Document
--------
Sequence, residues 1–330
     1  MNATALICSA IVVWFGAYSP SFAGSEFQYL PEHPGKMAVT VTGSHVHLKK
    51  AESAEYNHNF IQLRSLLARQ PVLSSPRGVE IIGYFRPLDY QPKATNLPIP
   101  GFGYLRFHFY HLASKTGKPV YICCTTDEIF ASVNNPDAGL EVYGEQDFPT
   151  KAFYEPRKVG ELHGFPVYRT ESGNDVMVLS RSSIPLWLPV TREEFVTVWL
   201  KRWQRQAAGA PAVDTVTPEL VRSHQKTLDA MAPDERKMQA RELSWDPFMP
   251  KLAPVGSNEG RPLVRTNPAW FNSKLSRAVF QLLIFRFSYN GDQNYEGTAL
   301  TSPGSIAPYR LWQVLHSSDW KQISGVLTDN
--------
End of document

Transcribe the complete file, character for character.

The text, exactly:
Sequence, residues 1–330
     1  MNATALICSA IVVWFGAYSP SFAGSEFQYL PEHPGKMAVT VTGSHVHLKK
    51  AESAEYNHNF IQLRSLLARQ PVLSSPRGVE IIGYFRPLDY QPKATNLPIP
   101  GFGYLRFHFY HLASKTGKPV YICCTTDEIF ASVNNPDAGL EVYGEQDFPT
   151  KAFYEPRKVG ELHGFPVYRT ESGNDVMVLS RSSIPLWLPV TREEFVTVWL
   201  KRWQRQAAGA PAVDTVTPEL VRSHQKTLDA MAPDERKMQA RELSWDPFMP
   251  KLAPVGSNEG RPLVRTNPAW FNSKLSRAVF QLLIFRFSYN GDQNYEGTAL
   301  TSPGSIAPYR LWQVLHSSDW KQISGVLTDN